In the eyes of Panhandle Labor Market Analyst Kathryn Tacke, Hagadone’s economic assessment may not be the most likely course the economy could take, but it certainly is a strong possibility, she said.

Hagadone’s primary business, tourism, has seen better years. Visitor center numbers from around the area are off by as much as 20 percent, made more disturbing by how fast tourism has grown around the rest of the country, he said. Hagadone remains cautiously optimistic that this year might see tourism increase.

As for the real estate market, the outlook appears dimmer. Record numbers of homes on the market, record vacancy rates in apartment buildings and an unusual abundance of empty office space suggest that Hagadone’s warnings years ago of over-building were prophetic.

Hagadone’s 1996 forecast seems somewhat prescient; his prediction of a second-half slowdown in construction hit true. In the last quarter of the year, county building permits dropped 28 percent, and the total dollar volume of construction dropped 30 percent.

Real estate firm owner Ron Hagen said bad weather probably contributed to the late-year downturn. “But I think that if you preach a recession, you’ll get a recession,” he said at the luncheon.

As worrisome for Hagadone has been the difficulty in luring good jobs to the county. Bob Potter of Jobs Plus Inc., the county’s recruiting arm, has spent the week in Southern California wooing businesses to make a move for Idaho’s quality of life.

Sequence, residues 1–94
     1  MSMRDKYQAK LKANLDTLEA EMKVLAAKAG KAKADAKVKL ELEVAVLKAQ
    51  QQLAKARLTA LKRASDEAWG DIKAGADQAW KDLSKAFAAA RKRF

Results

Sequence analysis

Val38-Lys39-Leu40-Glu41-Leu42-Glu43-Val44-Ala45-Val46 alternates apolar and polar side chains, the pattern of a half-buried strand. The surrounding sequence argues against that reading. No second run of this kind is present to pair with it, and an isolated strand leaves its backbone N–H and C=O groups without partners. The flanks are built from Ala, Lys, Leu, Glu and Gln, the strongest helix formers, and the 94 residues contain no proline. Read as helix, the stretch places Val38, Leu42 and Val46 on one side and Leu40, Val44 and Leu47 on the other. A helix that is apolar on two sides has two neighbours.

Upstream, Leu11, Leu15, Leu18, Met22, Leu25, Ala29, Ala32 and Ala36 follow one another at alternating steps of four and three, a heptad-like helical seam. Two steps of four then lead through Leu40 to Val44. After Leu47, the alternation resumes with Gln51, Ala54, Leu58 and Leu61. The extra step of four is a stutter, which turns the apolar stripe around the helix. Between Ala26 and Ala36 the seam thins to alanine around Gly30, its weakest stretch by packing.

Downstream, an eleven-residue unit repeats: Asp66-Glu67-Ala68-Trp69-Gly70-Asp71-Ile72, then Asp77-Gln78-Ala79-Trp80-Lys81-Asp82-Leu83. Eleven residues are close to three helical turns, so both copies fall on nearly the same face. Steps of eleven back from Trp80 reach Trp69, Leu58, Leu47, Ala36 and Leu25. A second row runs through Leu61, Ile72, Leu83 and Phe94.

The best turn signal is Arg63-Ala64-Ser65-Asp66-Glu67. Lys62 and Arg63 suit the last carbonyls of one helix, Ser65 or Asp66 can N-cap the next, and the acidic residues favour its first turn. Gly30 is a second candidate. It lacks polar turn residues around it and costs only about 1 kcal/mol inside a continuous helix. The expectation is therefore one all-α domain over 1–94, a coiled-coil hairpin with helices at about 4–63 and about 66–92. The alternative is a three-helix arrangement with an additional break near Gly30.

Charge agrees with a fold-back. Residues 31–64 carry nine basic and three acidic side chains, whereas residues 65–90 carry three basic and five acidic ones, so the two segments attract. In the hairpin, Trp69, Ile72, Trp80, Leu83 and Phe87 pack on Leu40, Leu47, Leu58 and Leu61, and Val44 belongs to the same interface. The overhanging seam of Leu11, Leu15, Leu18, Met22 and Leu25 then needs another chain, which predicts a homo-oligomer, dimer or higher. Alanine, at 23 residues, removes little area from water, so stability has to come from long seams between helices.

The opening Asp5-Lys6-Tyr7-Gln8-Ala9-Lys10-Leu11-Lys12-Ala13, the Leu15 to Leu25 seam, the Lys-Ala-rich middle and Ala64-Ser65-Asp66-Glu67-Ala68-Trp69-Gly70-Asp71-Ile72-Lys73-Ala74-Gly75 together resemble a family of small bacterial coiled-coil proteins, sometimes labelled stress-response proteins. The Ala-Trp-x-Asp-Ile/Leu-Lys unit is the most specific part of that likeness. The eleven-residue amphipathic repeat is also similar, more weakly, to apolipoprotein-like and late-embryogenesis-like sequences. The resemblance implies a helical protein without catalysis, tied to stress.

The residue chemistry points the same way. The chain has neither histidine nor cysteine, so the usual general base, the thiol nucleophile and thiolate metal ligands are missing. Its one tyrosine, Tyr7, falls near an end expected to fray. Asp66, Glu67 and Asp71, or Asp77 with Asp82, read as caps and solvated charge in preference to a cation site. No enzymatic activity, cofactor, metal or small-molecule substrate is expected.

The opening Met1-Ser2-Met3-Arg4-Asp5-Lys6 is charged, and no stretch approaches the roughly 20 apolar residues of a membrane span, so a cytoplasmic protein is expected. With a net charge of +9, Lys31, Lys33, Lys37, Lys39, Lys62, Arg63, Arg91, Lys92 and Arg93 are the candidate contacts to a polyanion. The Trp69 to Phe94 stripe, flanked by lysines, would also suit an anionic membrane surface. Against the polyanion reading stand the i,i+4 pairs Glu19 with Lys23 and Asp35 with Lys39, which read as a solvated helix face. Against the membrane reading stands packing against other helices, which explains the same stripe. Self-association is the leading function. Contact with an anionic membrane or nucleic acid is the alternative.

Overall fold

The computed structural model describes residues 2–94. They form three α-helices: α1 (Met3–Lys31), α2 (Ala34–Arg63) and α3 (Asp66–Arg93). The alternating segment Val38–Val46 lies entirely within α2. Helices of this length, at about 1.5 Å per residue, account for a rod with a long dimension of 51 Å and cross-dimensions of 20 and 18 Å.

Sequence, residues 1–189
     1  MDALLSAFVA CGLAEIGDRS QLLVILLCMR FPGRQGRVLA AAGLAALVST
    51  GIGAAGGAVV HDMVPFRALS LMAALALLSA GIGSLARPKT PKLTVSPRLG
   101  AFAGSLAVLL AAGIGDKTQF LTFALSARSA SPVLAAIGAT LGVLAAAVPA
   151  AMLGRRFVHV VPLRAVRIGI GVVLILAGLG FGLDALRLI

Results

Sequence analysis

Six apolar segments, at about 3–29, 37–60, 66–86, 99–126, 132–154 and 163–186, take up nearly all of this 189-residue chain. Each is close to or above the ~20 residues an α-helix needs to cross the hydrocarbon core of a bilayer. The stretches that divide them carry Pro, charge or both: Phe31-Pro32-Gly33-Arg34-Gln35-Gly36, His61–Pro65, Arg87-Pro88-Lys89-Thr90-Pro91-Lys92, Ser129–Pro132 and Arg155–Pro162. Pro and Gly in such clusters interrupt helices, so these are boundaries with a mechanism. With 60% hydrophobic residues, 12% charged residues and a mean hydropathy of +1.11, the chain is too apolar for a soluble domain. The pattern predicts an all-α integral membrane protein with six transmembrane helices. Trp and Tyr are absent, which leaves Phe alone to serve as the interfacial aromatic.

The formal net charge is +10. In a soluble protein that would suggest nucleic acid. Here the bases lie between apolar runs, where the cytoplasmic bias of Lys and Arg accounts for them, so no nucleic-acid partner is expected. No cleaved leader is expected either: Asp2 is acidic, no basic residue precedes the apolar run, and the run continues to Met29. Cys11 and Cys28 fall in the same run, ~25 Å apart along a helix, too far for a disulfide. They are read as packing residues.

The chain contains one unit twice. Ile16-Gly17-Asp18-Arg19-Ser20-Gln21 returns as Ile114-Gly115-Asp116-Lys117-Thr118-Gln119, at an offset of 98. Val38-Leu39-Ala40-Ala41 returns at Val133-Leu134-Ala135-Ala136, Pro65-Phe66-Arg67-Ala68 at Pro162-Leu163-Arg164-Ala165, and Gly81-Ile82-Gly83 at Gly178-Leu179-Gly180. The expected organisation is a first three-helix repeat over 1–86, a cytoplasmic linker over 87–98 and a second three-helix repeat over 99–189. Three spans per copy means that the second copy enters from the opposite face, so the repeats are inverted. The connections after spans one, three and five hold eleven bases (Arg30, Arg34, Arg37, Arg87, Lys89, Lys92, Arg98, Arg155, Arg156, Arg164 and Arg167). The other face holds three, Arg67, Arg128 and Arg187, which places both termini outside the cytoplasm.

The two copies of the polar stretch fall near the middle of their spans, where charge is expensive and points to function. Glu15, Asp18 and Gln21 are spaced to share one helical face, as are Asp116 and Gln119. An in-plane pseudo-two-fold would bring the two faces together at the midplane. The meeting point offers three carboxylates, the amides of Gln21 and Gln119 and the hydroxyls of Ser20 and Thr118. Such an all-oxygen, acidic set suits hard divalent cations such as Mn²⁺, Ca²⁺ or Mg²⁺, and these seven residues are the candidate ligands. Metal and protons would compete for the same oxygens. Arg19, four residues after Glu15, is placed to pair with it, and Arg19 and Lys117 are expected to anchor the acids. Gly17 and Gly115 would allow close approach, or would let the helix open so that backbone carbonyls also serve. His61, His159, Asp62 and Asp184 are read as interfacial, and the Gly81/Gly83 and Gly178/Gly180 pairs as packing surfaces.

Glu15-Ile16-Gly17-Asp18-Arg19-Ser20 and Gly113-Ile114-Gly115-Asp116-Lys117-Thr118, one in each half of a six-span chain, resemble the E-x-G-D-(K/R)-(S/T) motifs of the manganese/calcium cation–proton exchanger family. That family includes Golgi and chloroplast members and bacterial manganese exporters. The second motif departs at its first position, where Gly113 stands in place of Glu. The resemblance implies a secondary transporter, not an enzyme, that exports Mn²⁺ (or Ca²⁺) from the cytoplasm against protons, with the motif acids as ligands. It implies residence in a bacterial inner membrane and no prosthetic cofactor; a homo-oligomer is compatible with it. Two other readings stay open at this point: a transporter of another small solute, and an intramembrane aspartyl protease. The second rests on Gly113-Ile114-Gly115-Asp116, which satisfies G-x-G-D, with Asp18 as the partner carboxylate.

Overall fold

“They’re renting space in Los Angeles at 50 percent of what our costs are,” Hagadone said. “That’s not an advantage for Bob.”

Hagadone suggested that Potter focus more efforts on getting businesses from the fast-growing Seattle area to move. Potter has made trips to Seattle in the past, but his mission has focused on California.

Businesses locally appear to be more optimistic about 1997. Hagadone, as part of his forecast, surveyed 100 businesses randomly in the area and found that 60 percent believe the upcoming year would be better than 1996. Only 7 percent believed things would get worse, he said.

“There isn’t a businessman worth a salt here who hasn’t made record profits and more money than they’ve ever seen in the past three years,” Hagadone said. “But we’ve all got to participate to get this turned around.”

Changing how the nation’s media perceives North Idaho ought to be priority one, Hagadone said. Former Idaho Sen. Steve Symms sent Hagadone an article from the Washington Post about the quality of Lake Coeur d’Alene with the headline “Idaho’s Crown Jewel set in Deadly Metals.”

Other media such as the Wall Street Journal are also planning stories detailing mining’s effect on Lake Coeur d’Alene, he said.

“And if it turns out those bombers are linked to the bombing at the Olympics, this area will get more publicity than we can possibly imagine,” he said. “Our biggest problem by far is our image.”

, DataTimes MEMO: Cut in the Spokane edition.